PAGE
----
My travels as an automotive news journalist finds me driving many car and light truck brands in cities across America, and the occasional trek across the pond. With no shortage of compact hatchbacks driving the streets of anytown U.S.A., due to it’s bright color palette, a quirky short overhang, oversized greenhouse, and predominate headlights, I more often than not find myself attracted to Honda Fit, and the activities of the driver within. To date, well over 600,000 Honda Fits drive the streets and highways of North America.
They’re an eclectic groupe these Fit drivers, mostly women
While I haven’t performed due diligence as to extracting precise numbers from the hodgepodge that’s auto industry sales statistics, I’d venture to say that the majority of Honda Fit owners, in the United States anyway, are women; mostly professional, artsy, and at times, just a tad counter culture.
From the several lose interviews I’ve conducted on the street with a generally very cooperative Honda Fit owner cross section, I find that the majority of these well spoken, exuberant women, were attracted to Honda’s Magic Seat equipped hatchback by two attributes -- a catchall cabin of class leading proportion, that easily double duties as an arts and crafts storage room; a surf wagon, a dog or cat kennel transport, and the occasional Caravan, and fuel economy.
Sure, the attractive price point entered the equation for most interviewed, but Fit is far from the cheapest offering available in the subcompact segment.
There’s a bit more to Fit’s story than a reasonable purchase price point and fuel economy.
McCants likes her Fit for ease of maneuverability and fuel economy
Gwen McCants, a retired educator living the dream in Whittier, California, pulled to the right (ever so slightly) on every up or downshift of her 2009 6-speed manual Honda Fit EX, she waxed on poetically about the easy driving, and in town maneuverability, of her slightly sun beaten, occasional dinged, and curbed dark maroon red colored daily commuter, as we drove down Whittier Boulevard. According to Prof McCants, her Fit with 70,000 miles or so showing on the odometer, still averages close to 38 MPG in mostly city driving. And despite a self-denting front bumper, fender wrap, and always faulty driver’s side seatbelt latch, remains trouble-free after 8 years of daily service.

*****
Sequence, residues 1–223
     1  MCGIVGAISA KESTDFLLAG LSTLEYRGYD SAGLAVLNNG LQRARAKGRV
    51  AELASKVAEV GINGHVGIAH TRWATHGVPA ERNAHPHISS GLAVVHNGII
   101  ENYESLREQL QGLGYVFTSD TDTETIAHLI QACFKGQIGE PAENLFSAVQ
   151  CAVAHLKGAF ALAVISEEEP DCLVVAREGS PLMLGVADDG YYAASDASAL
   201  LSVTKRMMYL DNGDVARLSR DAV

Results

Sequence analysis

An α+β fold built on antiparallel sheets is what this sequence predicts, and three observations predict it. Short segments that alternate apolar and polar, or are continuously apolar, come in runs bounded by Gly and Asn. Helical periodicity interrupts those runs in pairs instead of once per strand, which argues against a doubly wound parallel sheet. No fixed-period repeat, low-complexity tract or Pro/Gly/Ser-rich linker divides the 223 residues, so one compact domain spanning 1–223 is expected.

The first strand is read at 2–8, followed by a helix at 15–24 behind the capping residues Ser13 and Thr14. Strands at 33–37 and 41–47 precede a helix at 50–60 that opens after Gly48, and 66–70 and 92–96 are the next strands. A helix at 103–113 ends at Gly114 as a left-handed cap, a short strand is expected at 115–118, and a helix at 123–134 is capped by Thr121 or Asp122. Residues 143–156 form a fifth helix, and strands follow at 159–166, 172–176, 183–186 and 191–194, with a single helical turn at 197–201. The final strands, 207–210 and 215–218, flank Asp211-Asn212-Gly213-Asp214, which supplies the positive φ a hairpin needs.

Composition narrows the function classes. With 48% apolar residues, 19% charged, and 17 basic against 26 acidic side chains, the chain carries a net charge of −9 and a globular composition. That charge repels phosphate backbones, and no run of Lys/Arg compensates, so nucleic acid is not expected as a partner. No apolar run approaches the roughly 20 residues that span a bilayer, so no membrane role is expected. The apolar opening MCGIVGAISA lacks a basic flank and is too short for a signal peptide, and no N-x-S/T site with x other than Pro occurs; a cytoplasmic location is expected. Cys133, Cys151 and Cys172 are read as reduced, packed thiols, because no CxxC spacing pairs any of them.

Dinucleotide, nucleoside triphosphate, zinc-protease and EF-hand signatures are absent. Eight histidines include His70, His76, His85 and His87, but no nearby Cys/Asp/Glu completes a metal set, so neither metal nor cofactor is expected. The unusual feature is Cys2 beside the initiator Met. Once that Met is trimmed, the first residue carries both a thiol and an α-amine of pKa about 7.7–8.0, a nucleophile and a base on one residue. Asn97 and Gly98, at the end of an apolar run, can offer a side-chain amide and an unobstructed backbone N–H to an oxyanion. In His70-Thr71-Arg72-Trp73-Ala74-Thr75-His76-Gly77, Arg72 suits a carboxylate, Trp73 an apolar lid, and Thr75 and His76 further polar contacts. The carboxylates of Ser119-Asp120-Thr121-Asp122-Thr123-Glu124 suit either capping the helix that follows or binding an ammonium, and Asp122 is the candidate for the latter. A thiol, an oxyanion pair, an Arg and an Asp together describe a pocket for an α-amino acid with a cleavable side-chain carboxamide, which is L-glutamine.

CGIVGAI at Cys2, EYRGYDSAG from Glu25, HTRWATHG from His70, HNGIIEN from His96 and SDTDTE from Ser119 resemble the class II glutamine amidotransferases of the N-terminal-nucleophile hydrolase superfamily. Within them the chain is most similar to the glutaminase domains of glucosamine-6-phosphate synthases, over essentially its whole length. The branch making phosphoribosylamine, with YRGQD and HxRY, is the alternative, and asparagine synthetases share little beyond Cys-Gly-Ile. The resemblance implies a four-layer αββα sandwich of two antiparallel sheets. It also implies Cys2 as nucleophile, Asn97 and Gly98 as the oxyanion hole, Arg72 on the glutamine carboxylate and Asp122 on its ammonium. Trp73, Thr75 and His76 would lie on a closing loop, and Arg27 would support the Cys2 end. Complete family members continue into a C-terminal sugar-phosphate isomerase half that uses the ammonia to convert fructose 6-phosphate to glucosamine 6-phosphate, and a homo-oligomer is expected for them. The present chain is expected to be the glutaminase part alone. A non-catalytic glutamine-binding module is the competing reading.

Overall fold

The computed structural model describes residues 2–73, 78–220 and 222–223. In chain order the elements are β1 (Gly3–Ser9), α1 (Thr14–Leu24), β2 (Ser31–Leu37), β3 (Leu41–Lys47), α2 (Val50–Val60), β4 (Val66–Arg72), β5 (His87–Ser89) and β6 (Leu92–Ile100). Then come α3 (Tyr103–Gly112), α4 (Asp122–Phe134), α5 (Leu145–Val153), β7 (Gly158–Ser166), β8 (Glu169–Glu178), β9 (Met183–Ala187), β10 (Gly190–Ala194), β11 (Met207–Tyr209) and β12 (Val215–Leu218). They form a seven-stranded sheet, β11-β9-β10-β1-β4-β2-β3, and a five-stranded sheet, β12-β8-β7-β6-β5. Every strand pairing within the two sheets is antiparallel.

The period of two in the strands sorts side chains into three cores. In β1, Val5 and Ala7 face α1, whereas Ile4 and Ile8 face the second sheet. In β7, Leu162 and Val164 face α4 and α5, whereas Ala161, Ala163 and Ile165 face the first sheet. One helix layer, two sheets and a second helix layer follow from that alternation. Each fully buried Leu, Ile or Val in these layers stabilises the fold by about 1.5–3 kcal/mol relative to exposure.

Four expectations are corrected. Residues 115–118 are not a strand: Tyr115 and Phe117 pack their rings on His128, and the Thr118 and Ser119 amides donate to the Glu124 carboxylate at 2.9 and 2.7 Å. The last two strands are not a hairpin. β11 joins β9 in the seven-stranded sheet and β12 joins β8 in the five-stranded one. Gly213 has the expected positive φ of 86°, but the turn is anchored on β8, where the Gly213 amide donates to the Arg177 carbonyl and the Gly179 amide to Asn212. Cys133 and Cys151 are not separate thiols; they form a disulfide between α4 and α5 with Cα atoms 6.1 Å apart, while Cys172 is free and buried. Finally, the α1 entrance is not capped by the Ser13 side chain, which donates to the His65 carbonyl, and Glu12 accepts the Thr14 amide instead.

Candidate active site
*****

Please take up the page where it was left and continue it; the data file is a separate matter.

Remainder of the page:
Affectionately referred to as the “Bird” by her youngest daughter Julianna, also a Honda Fit owner, at 85 years young, McCants is contemplating the purchase an automatic transmission equipped Fit, -- her last new car, so she says.
Ms Chris M of Eugene, Oregon is dressed to the 9s for work, as she enters her Orange Fury Fit
If Honda were ever to produce a glamorous, up trend T.V. spot, featuring the latest generation Fit, Ms Chris M of Eugene, Oregon could easily star in the leading roll. Dressed to the 9s for her work as a downtown law firm receptionist and legal assistant, Chris exits her Orange Fury colored 2018 Honda Fit Sport with conviction, and high-heeled style.
She’s apparently in a hurry, yet takes a moment to praise her newly aquired Fit Sport. With fewer than 2,000 miles showing on the odometer, this Fit still looks and smells new -- she loves it! Chris represents the other end of the broadest demographic spectrum found in car ownership today. Single, educated, convicted and female, Chris and her age demographic drives well over 40% of auto sales today. Chris likes Fit. Back in 2014 when Honda rolled out its 3rd generation wonder hatchback, the advertising targeted the X and Y gens. Honda nailed the market!